18.4. Deadlocks

Understanding deadlocks

Since locks are used it is possible for deadlocks to happen. Neo4j will however detect any deadlock (caused by acquiring a lock) before they happen and throw an exception. Before the exception is thrown the transaction is marked for rollback. All locks acquired by the transaction are still being held but will be released when the transaction is finished (in the finally block as pointed out earlier). Once the locks are released other transactions that were waiting for locks held by the transaction causing the deadlock can proceed. The work performed by the transaction causing the deadlock can then be retried by the user if needed.

Experiencing frequent deadlocks is an indication of concurrent write requests happening in such a way that it is not possible to execute them while at the same time live up to the intended isolation and consistency. The solution is to make sure concurrent updates happen in a reasonable way. For example given two specific nodes (A and B), adding or deleting relationships to both these nodes in random order for each transaction will result in deadlocks when there are two or more transactions doing that concurrently. One solution is to make sure that updates always happens in the same order (first A then B). Another solution is to make sure that each thread/transaction does not have any conflicting writes to a node or relationship as some other concurrent transaction. This can for example be achieved by letting a single thread do all updates of a specific type.

[Important]Important

Deadlocks caused by the use of other synchronization than the locks managed by Neo4j can still happen. Since all operations in the Neo4j API are thread safe unless specified otherwise, there is no need for external synchronization. Other code that requires synchronization should be synchronized in such a way that it never performs any Neo4j operation in the synchronized block.

Deadlock handling example code

Below you’ll find examples of how deadlocks can be handled in server extensions/plugins or when using Neo4j embedded.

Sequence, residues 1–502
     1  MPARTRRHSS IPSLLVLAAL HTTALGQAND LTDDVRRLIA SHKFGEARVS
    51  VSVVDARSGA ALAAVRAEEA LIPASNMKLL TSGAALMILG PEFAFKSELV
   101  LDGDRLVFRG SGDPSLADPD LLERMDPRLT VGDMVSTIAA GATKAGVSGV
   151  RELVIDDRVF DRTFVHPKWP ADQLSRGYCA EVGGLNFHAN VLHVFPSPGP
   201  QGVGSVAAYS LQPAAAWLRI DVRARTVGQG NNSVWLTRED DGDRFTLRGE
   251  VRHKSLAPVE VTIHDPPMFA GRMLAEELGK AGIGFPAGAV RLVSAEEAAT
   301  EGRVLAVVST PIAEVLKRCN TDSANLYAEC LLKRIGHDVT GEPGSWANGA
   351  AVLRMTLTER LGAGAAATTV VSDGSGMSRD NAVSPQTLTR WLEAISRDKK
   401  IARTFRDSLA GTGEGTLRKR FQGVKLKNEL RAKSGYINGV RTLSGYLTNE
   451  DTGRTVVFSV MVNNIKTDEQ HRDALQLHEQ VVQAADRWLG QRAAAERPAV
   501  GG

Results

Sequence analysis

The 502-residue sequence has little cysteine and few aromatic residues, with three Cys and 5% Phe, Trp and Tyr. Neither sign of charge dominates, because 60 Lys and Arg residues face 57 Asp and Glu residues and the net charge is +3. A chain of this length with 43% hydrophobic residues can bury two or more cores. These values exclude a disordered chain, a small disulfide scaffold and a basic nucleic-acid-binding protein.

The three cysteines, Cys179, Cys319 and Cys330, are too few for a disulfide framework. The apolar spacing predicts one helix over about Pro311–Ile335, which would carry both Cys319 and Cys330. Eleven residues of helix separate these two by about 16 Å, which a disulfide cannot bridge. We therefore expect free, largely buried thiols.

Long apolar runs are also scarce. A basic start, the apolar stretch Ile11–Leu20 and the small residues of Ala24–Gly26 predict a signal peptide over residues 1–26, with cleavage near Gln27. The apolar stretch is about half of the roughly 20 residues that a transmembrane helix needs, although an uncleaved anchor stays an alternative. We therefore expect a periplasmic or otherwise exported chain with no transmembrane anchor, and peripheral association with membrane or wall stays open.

[Tip]Tip

The full source code used for the code snippets can be found at DeadlockDocTest.java.

When dealing with deadlocks in code, there are several issues you may want to address:

  • Only do a limited amount of retries, and fail if a threshold is reached.
  • Pause between each attempt to allow the other transaction to finish before trying again.
  • A retry-loop can be useful not only for deadlocks, but for other types of transient errors as well.

In the following sections you’ll find example code in Java which shows how this can be implemented.

Handling deadlocks using TransactionTemplate

If you don’t want to write all the code yourself, there is a class called TransactionTemplate that will help you achieve what’s needed. Below is an example of how to create, customize, and use this template for retries in transactions.

First, define the base template:

TransactionTemplate template = new TransactionTemplate(  ).retries( 5 ).backoff( 3, TimeUnit.SECONDS );

Next, specify the database to use and a function to execute:

Object result = template.with(graphDatabaseService).execute( new Function<Transaction, Object>()
{
    @Override
    public Object apply( Transaction transaction ) throws RuntimeException
    {
        Object result = null;
        return result;
    }
} );

The operations that could lead to a deadlock should go into the apply method.

The TransactionTemplate uses a fluent API for configuration, and you can choose whether to set everything at once, or (as in the example) provide some details just before using it. The template allows setting a predicate for what exceptions to retry on, and also allows for easy monitoring of events that take place.

Handling deadlocks using a retry loop

If you want to roll your own retry-loop code, see below for inspiration. Here’s an example of what a retry block might look like:

Throwable txEx = null;
int RETRIES = 5;
int BACKOFF = 3000;
for ( int i = 0; i < RETRIES; i++ )
{
    try ( Transaction tx = graphDatabaseService.beginTx() )
    {
        Object result = doStuff(tx);
        tx.success();
        return result;
    }
    catch ( Throwable ex )
    {
        txEx = ex;

        // Add whatever exceptions to retry on here
        if ( !(ex instanceof DeadlockDetectedException) )
        {
            break;
        }
    }

    // Wait so that we don't immediately get into the same deadlock
    if ( i < RETRIES - 1 )
    {
        try
        {
            Thread.sleep( BACKOFF );
        }
        catch ( InterruptedException e )
        {
            throw new TransactionFailureException( "Interrupted", e );
        }
    }
}

if ( txEx instanceof TransactionFailureException )
{
    throw ((TransactionFailureException) txEx);
}
else if ( txEx instanceof Error )
{
    throw ((Error) txEx);
}
else if ( txEx instanceof RuntimeException )
{
    throw ((RuntimeException) txEx);
}
else
{
    throw new TransactionFailureException( "Failed", txEx );
}

The above is the gist of what such a retry block would look like, and which you can customize to fit your needs.